Tuesday
November 21, 2017

Isol, illustrator

Friday, February 17, 2017

‘For some my stories might be innocent, but they aren’t’

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By Agustina Larrea
Herald Staff

CV

Name: Marisol Misenta

Known as: Isol

Born in: 1972, Buenos Aires.

Lives in: Buenos Aires

Achievements: Her books have been released in over 20 countries and in several languages. And her work has been exhibited in several galleries in Argentina and abroad. Her first book Vida de perros (“A Dog’s Life”) was published in 1997. Among her extensive back catalogue are works such as the successful Tener un patito es útil (“It’s useful to have a duck”), Petit (“Petit the monster”) and Auggie Wren’s Christmas Story. Isol is also a vocalist in Sima, a music duo with her brother. She was previously the lead singer in the pop band Entre Ríos.

Awards: Finalist for the Hans Christian Andersen Award in 2006 and 2007 on behalf of Argentina (IBBY/International Board of Books for Young People, Switzerland). In 2013, she won the prestigious Astrid Lindgren Memorial Award 2013 (Sweden).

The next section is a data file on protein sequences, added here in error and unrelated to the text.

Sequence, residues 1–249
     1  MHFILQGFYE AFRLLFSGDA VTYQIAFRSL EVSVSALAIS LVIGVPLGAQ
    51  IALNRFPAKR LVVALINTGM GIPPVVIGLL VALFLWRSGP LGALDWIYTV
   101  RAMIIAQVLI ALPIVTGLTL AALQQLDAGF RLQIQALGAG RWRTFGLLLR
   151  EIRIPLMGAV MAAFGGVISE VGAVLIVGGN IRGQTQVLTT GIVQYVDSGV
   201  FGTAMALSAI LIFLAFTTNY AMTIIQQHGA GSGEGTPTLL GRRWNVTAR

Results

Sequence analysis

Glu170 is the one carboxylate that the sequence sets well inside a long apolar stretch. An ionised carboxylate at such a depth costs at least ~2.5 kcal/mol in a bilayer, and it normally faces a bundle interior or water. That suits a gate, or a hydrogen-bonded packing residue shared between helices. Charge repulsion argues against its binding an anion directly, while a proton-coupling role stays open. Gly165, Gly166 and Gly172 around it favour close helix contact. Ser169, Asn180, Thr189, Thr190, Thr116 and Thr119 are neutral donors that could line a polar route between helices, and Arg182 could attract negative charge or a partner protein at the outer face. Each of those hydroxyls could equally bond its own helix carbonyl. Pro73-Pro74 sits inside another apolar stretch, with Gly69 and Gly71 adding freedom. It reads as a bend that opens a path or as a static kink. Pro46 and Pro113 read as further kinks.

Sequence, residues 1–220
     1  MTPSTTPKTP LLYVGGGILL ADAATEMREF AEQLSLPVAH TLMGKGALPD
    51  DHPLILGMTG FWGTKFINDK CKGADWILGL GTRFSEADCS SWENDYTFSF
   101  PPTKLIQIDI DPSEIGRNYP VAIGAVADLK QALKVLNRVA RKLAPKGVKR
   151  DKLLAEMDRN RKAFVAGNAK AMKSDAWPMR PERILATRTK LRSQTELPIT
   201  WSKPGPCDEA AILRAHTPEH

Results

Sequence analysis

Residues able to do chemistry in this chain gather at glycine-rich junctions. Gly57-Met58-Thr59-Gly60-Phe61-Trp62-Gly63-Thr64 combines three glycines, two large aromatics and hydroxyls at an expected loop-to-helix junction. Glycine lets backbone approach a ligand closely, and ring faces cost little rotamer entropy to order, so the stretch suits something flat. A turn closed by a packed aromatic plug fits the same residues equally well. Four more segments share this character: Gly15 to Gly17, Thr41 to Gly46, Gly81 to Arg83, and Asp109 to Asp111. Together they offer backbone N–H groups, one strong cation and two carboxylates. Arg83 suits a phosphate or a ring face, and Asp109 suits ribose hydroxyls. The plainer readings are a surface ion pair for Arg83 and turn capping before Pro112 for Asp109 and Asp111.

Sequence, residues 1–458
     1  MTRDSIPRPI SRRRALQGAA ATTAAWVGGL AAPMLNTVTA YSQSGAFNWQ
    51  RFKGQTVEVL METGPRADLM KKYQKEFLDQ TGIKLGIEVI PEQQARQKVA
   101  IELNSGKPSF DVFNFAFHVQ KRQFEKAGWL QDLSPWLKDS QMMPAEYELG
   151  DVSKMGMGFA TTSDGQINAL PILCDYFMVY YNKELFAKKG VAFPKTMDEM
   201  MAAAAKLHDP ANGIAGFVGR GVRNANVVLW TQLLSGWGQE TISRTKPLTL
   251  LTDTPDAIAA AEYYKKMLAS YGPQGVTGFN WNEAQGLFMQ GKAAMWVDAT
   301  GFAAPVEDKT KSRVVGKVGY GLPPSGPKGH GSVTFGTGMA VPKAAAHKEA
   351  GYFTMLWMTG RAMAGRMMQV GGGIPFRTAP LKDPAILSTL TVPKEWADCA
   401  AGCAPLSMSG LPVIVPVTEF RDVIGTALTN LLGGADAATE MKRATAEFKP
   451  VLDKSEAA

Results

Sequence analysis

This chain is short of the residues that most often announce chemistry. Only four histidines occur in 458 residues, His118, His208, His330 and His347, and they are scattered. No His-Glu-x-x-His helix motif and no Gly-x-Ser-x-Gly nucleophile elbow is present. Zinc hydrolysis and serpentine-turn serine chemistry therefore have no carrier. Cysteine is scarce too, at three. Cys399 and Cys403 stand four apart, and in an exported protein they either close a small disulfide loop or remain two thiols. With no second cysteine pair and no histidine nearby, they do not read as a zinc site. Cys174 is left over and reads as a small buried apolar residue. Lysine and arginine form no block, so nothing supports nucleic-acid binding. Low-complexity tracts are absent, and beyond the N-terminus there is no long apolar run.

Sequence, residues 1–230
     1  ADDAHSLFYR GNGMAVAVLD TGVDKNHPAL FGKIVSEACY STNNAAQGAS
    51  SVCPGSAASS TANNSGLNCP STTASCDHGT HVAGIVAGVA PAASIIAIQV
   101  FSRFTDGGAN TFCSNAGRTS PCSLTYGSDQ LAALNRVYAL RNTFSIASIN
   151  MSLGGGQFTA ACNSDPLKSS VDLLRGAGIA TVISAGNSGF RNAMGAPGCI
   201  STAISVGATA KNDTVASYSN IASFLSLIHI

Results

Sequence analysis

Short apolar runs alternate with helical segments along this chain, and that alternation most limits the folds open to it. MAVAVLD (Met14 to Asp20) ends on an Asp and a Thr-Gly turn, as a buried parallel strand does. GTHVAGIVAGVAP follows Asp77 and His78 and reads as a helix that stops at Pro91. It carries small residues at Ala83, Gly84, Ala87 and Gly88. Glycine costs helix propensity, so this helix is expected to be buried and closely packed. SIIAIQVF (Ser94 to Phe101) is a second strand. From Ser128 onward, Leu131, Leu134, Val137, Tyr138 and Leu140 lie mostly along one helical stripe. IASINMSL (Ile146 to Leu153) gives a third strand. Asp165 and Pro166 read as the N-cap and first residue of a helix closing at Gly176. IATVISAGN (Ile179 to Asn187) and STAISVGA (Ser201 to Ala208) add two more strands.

In 2013, Isol, the Argentine picture book illustrator and author, won the Astrid Lindgren Memorial Award, one of the world’s most respected awards in children’s literature. According to the statement released by the jury at that time, in her work Isol “exposes the absurdities of the adult world.”

It’s easy to agree with that idea. There is always something humourous in the work from Isol’s prolific yet multifaceted career as graphic artist, writer and even singer. A few days before the La noche de los dibujantes, a festival taking place today at the Ciudad Cultural Konex that will bring together more than 100 of the country’s most important cartoonists, graphic artists and illustrators, Isol welcomed the Herald to her study in the Almagro neighbourhood, for a chat.

After so many years of intense work, what are you doing now?